I don’t remember where I heard about this author or his books. Safelight (his first novel) got good reviews, but I started with his second novel, Black Flies.
Burke is a former paramedic, and both his novels deal with that world. Black Flies is about a young guy who didn’t quite make it into medical school and is floundering, trying to figure out where he belongs in the world. He takes a job as a paramedic in Harlem. This is in 1990s, and things were … vivid.
I’ve always been interested in all things medical. I read a lot about this stuff and I watch a lot of documentaries. I can watch surgery without a problem, which is very odd, given my utter lack of ability to deal with needles. So I’m interested in this topic going in, and I’m not squeamish. I can take a fair about of blood and guts if they are part of a larger story that is well told. However, I have to warn potential readers who are less hardboiled than I am: this novel is very graphic in its descriptions of emergency medical treatment and most especially in the way Burke’s Ollie sees and responds to death. There is no romanticizing here. So you are forewarned.
If that’s not an issue for you and you’re interested in the time and place and the idea of paramedics in a war zone, then this is a quick read and a thought provoking one. The mid 90s seem like an eternity ago, but Black Flies does a good job of bringing that period back to mind. In this setting you have a guy coming into the Harlem station, his first job as a paramedic, and we experience that with him. How he sees his coworkers, some of them burned out to the point of of zombie-like indifference. Some of them idealistic and generous. Some just there to do the job and get the paycheck. Ollie Cross takes it all in as he works on his technical skills, and as he gets deeper into that world he begins to withdraw from the other people in his life.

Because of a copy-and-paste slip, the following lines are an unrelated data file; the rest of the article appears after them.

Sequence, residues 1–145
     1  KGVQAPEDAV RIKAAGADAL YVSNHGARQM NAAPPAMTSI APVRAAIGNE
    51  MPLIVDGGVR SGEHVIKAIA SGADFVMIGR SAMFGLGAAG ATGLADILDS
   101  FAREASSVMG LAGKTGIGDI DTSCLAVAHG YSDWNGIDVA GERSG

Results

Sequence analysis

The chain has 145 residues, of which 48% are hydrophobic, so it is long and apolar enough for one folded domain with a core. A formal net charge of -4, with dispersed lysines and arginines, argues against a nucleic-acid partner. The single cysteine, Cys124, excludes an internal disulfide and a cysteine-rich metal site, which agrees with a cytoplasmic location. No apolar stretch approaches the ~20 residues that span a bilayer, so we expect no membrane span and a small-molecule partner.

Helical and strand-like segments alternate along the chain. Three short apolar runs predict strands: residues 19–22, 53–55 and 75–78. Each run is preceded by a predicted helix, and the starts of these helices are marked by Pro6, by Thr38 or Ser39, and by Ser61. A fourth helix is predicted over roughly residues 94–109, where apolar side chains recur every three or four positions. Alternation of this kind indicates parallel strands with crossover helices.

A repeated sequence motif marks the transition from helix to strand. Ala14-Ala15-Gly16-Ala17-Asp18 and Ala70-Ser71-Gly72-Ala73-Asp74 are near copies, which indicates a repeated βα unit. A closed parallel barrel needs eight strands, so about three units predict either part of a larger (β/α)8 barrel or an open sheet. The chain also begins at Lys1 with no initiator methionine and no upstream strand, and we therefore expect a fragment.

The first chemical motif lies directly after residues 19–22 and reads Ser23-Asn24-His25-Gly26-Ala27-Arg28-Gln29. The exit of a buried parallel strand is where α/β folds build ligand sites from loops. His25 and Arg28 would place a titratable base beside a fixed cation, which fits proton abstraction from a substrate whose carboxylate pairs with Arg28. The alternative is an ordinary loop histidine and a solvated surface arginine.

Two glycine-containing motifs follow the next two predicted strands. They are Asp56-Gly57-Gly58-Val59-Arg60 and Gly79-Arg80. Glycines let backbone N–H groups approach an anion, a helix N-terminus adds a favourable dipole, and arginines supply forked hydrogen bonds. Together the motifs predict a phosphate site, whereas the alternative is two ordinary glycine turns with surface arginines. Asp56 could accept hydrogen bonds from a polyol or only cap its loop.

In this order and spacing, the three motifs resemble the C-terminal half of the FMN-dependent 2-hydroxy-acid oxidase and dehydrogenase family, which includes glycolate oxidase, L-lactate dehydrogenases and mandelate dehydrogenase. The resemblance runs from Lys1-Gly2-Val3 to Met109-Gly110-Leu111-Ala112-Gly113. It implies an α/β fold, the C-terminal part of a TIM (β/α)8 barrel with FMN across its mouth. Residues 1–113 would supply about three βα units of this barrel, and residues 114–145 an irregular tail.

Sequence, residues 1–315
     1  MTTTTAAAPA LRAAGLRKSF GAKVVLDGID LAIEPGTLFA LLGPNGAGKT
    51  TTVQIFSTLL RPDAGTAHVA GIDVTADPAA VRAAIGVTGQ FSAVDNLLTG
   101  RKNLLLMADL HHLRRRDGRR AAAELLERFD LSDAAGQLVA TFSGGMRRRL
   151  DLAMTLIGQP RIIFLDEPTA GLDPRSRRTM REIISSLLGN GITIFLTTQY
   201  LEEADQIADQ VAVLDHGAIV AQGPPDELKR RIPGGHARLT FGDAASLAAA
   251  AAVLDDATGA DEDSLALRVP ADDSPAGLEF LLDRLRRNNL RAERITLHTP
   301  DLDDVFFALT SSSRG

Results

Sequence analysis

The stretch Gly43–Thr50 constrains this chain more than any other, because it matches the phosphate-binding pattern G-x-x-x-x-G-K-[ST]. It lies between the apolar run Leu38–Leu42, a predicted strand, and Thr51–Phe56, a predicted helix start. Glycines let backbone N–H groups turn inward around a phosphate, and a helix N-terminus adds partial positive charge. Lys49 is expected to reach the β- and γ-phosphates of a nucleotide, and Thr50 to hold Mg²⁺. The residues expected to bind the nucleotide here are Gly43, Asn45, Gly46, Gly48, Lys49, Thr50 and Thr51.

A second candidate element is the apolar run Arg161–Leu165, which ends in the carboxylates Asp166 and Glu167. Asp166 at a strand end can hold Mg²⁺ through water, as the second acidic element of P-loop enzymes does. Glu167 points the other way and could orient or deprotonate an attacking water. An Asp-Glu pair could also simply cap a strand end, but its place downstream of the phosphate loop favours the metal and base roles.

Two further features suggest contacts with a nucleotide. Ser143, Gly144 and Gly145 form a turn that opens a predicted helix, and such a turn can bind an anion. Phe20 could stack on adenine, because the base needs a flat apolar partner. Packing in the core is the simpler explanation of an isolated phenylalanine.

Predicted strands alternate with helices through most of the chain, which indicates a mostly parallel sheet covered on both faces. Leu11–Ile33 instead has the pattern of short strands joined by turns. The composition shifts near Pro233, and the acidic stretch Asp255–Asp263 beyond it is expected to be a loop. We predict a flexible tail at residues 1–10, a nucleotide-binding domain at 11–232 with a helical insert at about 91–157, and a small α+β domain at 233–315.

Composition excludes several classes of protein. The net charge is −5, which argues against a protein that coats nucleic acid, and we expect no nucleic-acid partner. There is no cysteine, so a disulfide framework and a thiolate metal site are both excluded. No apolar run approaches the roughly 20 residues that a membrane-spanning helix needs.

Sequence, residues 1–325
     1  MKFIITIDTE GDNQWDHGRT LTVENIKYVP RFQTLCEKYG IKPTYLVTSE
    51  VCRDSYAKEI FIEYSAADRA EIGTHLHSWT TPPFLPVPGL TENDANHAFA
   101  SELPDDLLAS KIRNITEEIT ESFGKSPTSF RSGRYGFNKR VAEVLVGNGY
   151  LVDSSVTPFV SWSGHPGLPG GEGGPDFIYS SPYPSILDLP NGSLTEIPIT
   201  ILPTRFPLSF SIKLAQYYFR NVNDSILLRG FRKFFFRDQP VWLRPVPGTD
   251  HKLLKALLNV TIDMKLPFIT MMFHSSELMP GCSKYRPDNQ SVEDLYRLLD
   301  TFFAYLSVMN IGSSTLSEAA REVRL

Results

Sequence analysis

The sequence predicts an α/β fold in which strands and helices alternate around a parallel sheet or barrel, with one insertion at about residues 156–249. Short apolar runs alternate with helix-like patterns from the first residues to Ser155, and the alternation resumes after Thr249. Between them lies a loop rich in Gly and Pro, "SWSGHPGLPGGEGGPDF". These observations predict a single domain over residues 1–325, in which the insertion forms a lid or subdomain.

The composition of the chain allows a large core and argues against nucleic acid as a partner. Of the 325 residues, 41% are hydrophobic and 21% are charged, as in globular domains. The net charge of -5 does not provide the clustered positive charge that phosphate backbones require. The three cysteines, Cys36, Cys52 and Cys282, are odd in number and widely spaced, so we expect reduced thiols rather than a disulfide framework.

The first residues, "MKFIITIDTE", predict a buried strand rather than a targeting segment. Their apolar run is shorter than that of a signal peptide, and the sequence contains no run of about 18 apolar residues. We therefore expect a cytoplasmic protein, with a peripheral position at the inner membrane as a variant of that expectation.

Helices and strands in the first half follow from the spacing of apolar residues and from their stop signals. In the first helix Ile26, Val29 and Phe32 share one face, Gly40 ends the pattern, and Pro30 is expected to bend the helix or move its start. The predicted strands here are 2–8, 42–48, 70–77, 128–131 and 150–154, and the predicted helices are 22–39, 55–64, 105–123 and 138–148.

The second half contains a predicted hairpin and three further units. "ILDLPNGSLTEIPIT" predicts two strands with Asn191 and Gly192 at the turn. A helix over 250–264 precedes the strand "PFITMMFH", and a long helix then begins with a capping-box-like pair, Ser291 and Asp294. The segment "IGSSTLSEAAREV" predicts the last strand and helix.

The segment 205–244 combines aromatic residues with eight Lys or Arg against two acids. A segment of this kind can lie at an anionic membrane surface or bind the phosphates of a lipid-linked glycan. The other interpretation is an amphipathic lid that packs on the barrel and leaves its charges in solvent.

There are some characters here who are less well developed than they deserve to be, but all in all my sense is that Burke understands the world he is writing about. He certainly made me see it, in vivid color. I’m not going to say more about it for fear of giving away too much of the plot, but I do recommend it — given the reservations noted above.
Safelight is a first novel that looks at many of the same issues as Black Fly, but it doesn’t do it as well. (And isn’t that the way it’s supposed to be? A novelist gets better with every new novel.) Safelight is about Frank, a young paramedic who has recently lost his father to suicide. In response he plunges into every kind of self-destructive behavior he can scare up, from theft to getting involved with a woman with a terminal (and infectious) disease. An angry young man, in other words. Daring the universe to give him its worst, and taking photographs along the way to document the world as he sees it: squalor, pain, despair, loss. His photography is one way of venting the turmoil inside him. He photographs suicide victims, rotting corpses, dying street people, HIV positive prostitutes.
In other words, this is a man-of-pain novel. An ode to nihilism, and it irritated me. A lot. I have no trouble with the subject matter, but it’s a lot for a first time novelist to handle. I’m still thinking about what went wrong for me, and the best I can come up with (as of this moment) is this: the character is in trouble. He pushes everything to extremes. The author’s job is to make us see that, but without indulging in the same excesses as his character. I think Burke had trouble keeping the upper hand in the writing of this novel, and the results don’t work for me.